Things to Do in Oslo
Nestled between the Oslo Fjord and dense forests, Oslo gives you a chance to soak in a vibrant social life while enjoying an inimitable blend of nature, history and city life. The city balances this unique mix and acts as a modern Scandinavian economic and social landmark while being close enough to nature to be also part of the Norwegian national wolf reserve. For visitors, the capital is revered for its cosmopolitan culture and houses world-class museums and forts. Book cheap flights to Oslo to make sure you include this Scandinavian hidden gem in your itinerary this summer. But before you go ahead check out the things to do in Oslo.
The 100-km-long Oslo Fjord has some of the most beautiful islands in Scandinavia, each with its own unique characteristics and history. One can enjoy island hopping between the islands in the inner Oslo Fjord with regular public transportation ticket or an Oslo Pass that allows you to travel in any of the ferries between the islands. The fjord also hosts many adventure activities, ranging from kayaking, canoeing, diving, fishing and sailing among many other things to do in Oslo.
Built by Hakon V to protect Oslo, the Castle of Akershus today provides the best views over the Oslo Fjord. There is a small, historic church at the Akershus Castle known as the home of the royal sarcophagi and also two museums in the area dedicated to Norwegian Military History.
You can’t miss out on the magnificent Cathedral that was declared sacred in 1697 and rebuilt many times since then. The main tower of the church was built again in 1850 and the interior had to be renovated after the end of World War II. The interesting features that capture attention include the main doorway that has been decorated with bronze doors, the Baroque pulpit and altar and the ceiling paintings along with stained glass windows.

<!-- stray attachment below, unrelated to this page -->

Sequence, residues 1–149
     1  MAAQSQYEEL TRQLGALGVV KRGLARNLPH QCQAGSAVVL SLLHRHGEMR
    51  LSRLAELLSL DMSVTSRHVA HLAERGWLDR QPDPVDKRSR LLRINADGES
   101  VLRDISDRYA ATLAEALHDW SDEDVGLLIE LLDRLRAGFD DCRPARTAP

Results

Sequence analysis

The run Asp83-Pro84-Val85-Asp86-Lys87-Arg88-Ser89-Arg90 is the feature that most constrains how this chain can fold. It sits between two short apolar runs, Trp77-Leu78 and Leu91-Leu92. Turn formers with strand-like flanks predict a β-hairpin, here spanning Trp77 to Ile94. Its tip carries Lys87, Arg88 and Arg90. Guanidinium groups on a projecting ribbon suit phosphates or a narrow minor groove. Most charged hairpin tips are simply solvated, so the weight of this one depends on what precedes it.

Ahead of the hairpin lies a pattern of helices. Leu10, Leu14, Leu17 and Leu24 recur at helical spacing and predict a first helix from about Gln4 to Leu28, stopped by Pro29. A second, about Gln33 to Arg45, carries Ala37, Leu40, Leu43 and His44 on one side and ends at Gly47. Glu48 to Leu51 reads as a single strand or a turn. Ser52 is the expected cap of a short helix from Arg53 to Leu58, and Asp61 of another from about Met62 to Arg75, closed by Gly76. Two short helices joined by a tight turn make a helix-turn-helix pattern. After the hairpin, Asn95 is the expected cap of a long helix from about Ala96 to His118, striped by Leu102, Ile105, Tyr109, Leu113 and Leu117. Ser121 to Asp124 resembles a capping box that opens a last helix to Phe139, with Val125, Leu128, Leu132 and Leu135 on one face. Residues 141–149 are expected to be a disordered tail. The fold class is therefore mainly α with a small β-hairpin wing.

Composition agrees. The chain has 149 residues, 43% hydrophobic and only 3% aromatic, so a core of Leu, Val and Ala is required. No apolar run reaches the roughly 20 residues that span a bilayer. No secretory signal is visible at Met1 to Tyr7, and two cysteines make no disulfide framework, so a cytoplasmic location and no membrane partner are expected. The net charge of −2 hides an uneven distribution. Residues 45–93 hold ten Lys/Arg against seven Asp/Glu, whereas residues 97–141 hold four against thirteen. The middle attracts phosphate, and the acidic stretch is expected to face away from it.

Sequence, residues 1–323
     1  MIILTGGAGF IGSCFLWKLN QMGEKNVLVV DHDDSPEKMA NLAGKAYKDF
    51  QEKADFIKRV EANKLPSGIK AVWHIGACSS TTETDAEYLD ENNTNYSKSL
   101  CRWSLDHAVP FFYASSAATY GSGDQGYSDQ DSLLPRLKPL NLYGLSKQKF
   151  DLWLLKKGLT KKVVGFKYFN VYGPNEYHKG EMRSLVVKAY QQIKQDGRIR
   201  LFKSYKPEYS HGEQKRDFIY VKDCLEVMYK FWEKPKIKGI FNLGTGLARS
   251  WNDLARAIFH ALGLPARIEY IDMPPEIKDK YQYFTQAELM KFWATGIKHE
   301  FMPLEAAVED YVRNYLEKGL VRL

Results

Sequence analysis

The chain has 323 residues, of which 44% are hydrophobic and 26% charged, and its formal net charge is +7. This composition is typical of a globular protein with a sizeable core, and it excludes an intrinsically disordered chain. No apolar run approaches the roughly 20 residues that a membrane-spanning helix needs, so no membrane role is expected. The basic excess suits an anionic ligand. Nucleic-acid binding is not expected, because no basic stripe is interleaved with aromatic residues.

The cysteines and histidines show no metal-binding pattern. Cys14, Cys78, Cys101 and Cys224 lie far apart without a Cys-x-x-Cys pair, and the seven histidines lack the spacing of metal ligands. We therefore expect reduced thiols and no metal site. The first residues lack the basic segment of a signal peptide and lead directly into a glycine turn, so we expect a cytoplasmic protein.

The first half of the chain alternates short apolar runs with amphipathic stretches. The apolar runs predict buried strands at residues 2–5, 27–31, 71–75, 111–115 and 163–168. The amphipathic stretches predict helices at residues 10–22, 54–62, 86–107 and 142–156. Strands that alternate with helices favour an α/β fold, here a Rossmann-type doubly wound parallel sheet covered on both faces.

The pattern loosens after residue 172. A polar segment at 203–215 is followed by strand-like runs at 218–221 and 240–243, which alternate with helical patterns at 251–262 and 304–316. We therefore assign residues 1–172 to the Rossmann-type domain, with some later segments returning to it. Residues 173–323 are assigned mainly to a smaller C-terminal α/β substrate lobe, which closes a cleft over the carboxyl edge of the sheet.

Built around an abandoned shipyard which ceased operations in 1982, Aker Brygge is the heart and soul of the city. The high-end residential area has a unique architecture with a mix of the old shipyard buildings and modern architecture. On a sunny day, the area is buzzing with people along the waterfront lined with restaurants offering great views of the marina and the Oslo Fjord.
The City Hall is Oslo’s administrative body and the seat of the City Council. Inaugurated in 1950, the hall was designed by Arnstein Arneberg and Magnus Poulson and decorated by great Norwegian art. The characteristic architecture and artwork make the building famous. The Hall also has a claim to fame as the venue for the Nobel Prize presentation ceremony every year.
National Museum of Art, Architecture and Design
If you are a history or art buff then the item at the top of your things to do in Oslo list should be a museum hopping tour, armed with the Oslo Pass. The pass gets you in famous exhibitions such as the Munch Museum that houses the iconic painting “the Scream” and several other venues across the city that include the National Gallery, the Museum of Contemporary Art and the Viking Ship Museum.
Situated at the end of Oslo’s main street – the Karl Johans gate is the Norwegian Royal Palace. The palace that was built in the eighteenth century is a perfect example of grandeur and majesty. You can walk around the gardens for free, however, a visit inside the 173-room building is possible through advance tickets sold through the post offices.
Vigeland Sculpture Park
One of the most famous attractions in Oslo is the iconic Vigeland Sculpture Park. The sculpture park contains works by Gustav Vigeland and have been carved in bronze, granite and wrought iron. It is no doubt one of the many interesting things to do in Oslo. Book with Lookupfare to grab the best cheap airlines tickets to this beautiful Scandinavian city.